Miami Beach capacity limits lifted as Appellate Court decision looms
Old Lyme — A move to restrict the number of people allowed at Miami Beach has been reversed by the first selectman amid a legal battle over the public's unfettered access to the beach.
First Selectman Tim Griswold told his two fellow selectmen on Monday that capacity limits at Sound View and Miami beaches have been pulled back on the advice of the town attorney.
Griswold said he was told by Town Attorney John A. Collins III of Suisman Shapiro that any restriction on public access to the beach could be construed as a violation of an existing court order. The advice was spurred when Collins was contacted by the plaintiff's attorney in the ongoing case, according to Griswold.
The reversal of the capacity limit comes after Griswold said earlier this month that capacity limits similar to last year's COVID-related restrictions, which capped attendance at about 600 people between Sound View and Miami beaches, would carry through this season.
Griswold said the decision to extend the capacity limits for safety reasons was reached in consultation with Resident State Trooper Matthew Weber and representatives from Miami Beach Association and Sound View Commission. The group thought it was "a wise idea to establish an overall capacity on Miami Beach irrespective of COVID," according to Griswold.
Sound View is a town-owned beach, while the adjacent Miami Beach has been considered public since developer Henry Hilliard deeded what was then referred to as Long Island Avenue to the "unorganized general public" in the 1880s. Members of the Miami Beach Association who consider it their private beach have erected fences over the years, only to be told they have to take down the fences.
A judge in January of last year ordered the latest fence between the two beaches to be removed, but it continues to legally stand while the beach association's appeal to the order is pending. The association may not, however, continue to charge non-Miami Beach members to use its beach, based on a court order.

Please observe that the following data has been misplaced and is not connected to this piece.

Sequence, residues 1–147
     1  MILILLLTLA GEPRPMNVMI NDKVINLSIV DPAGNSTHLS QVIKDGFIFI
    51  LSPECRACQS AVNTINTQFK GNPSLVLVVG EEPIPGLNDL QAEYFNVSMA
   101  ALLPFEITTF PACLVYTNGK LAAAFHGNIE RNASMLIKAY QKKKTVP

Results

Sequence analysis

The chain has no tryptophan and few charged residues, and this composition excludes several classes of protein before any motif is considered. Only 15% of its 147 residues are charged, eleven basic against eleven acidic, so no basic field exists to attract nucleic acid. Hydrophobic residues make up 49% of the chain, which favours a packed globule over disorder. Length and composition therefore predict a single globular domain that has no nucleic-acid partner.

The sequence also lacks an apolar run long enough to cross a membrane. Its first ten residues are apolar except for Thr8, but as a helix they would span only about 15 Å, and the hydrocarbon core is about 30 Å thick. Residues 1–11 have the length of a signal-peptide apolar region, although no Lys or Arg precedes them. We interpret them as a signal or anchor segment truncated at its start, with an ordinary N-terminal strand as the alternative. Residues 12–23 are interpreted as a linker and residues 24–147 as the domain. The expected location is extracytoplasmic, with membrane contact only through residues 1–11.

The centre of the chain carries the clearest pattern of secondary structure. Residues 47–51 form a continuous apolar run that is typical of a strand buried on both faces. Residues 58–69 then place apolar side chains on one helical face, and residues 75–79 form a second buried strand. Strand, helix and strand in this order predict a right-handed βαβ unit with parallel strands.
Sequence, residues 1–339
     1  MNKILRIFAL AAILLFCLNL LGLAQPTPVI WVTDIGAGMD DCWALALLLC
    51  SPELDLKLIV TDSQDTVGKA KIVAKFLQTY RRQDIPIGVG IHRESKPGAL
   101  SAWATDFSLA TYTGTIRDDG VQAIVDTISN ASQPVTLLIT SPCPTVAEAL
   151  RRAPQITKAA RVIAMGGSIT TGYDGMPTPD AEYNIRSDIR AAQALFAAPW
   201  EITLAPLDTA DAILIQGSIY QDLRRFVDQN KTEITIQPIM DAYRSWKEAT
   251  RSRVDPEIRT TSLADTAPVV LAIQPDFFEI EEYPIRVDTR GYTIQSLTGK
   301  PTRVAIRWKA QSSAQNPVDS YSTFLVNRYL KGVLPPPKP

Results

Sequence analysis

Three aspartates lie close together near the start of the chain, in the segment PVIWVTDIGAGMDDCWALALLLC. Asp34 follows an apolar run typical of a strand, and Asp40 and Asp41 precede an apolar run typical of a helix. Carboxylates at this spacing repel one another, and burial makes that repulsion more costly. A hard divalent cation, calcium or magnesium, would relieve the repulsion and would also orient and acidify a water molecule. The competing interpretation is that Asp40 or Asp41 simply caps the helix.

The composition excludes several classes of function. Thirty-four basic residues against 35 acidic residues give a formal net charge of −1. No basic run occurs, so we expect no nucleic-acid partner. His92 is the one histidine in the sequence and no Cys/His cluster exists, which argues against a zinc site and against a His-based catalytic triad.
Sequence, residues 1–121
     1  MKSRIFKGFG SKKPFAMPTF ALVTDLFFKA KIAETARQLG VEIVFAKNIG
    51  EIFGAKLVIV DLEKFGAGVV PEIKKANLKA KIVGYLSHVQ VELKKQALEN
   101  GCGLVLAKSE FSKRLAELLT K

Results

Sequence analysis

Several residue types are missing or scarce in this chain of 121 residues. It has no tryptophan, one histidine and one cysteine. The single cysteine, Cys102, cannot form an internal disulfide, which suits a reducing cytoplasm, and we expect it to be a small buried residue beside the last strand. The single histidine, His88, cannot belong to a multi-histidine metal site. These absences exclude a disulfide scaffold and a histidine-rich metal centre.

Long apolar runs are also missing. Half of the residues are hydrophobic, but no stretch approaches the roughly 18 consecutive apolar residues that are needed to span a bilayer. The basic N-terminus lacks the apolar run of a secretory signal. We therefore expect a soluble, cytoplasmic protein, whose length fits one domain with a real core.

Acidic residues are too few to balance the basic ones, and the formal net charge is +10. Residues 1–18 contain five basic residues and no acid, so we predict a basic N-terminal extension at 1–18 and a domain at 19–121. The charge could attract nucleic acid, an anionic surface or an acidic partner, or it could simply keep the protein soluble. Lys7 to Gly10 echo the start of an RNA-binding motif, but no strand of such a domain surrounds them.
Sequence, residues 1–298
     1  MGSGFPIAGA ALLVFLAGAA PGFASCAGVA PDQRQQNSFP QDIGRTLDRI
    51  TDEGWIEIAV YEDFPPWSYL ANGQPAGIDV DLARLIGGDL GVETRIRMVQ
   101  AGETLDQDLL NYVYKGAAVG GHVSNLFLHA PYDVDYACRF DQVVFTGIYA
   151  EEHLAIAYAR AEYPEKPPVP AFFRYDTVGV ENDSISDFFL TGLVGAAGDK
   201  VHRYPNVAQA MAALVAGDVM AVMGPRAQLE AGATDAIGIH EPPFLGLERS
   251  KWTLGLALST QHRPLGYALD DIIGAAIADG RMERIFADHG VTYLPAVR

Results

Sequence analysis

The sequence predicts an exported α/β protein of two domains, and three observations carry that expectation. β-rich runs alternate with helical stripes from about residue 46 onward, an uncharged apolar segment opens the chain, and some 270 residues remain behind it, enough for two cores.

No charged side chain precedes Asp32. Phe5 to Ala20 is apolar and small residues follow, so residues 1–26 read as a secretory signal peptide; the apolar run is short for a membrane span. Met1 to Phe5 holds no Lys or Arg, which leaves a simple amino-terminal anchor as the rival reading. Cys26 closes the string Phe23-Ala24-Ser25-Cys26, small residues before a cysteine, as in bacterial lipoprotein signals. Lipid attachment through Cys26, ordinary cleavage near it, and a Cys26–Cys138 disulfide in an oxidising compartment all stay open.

Kathleen Tracy, a Sound View resident, brought the initial lawsuit against the association in 2018. Earlier this month, she described the capacity limits as another way to keep people off the beach.
Collins, the town attorney, said Tuesday he could not elaborate on what he told Griswold until the first selectman gives permission for the lawyer to divulge that information. There was no response by press time.
Griswold on Monday told The Day that not being able to enforce a capacity limit on the beach opens the town to liability. He said he wants to know who is going to be responsible if someone gets hurt or killed because the beach is too crowded.
He said he is seeking indemnification from the state attorney general "or something" if the legal determination is that capacity limits — like fences and fees — cannot stand.
"If you had an anthill there and somebody had a heart attack and you couldn't get medics down there, who's going to be unhappy with that?" he asked.
Frank Pappalardo, chairman of the Sound View Beach Commission, was the commission's representative at the discussions referenced by Griswold. Pappalardo in a Tuesday phone call reiterated the first selectman's argument about safety.
"You have a medical emergency or some incident that occurs and you can't get personnel to that incident, who's responsible? We need to know who to point the finger at," Pappalardo said.
He said he is continuing to work with the selectmen and Miami Beach Association "to try to come up with a reasonable and recognizable — and most of all, safe — limit to how many people we can put on the beach."
Selectman Mary Jo Nosal told The Day in a Tuesday phone call that neither the town attorney's input nor the resulting conversations between Griswold, Pappalardo and the Miami Beach Association had been shared with the three-member Board of Selectmen prior to Monday's selectmen's meeting.
Miami Beach Association President Mark Mongillo did not return a call for comment.
Tracy, the plaintiff in the court case, said the capacity limits are part of an ongoing problem of people trying to prevent the public from going to the beach — "whether they do it with fences or do it with COVID (restrictions)."
But she said it was not capacity restrictions that caused her attorney to reach out to the town attorney. She cited the padlock on a gate at the entrance known as B11, which officials agree is a public access point, as the direct impetus for the call.
Griswold told the selectmen earlier this month that Gate B11 was locked amid the pandemic to limit the number of access points and the town staff required to monitor them.
The gate has since been reopened.
Tracy questioned why there is a continuing effort to restrict access to the public beach: "Can you just give up on that and let people go to the beach and enjoy the beach and move on?"
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